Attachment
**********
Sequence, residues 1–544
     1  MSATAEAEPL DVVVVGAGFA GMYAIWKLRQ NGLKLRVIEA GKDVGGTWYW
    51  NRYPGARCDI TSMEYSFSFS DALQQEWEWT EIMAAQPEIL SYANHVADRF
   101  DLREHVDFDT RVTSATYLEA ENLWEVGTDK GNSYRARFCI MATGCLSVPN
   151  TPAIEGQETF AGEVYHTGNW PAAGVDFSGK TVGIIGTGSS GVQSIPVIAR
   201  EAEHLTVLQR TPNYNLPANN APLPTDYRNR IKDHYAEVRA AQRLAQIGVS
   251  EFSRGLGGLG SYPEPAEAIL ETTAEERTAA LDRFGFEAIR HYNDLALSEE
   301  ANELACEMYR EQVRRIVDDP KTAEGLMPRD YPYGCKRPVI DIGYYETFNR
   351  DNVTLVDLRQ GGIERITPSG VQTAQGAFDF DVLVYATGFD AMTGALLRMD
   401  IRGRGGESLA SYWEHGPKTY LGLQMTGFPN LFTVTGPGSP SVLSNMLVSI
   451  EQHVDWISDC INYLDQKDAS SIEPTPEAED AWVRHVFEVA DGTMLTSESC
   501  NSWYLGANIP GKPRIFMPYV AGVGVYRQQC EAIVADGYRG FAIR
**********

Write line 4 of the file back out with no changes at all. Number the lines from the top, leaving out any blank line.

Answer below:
   101  DLREHVDFDT RVTSATYLEA ENLWEVGTDK GNSYRARFCI MATGCLSVPN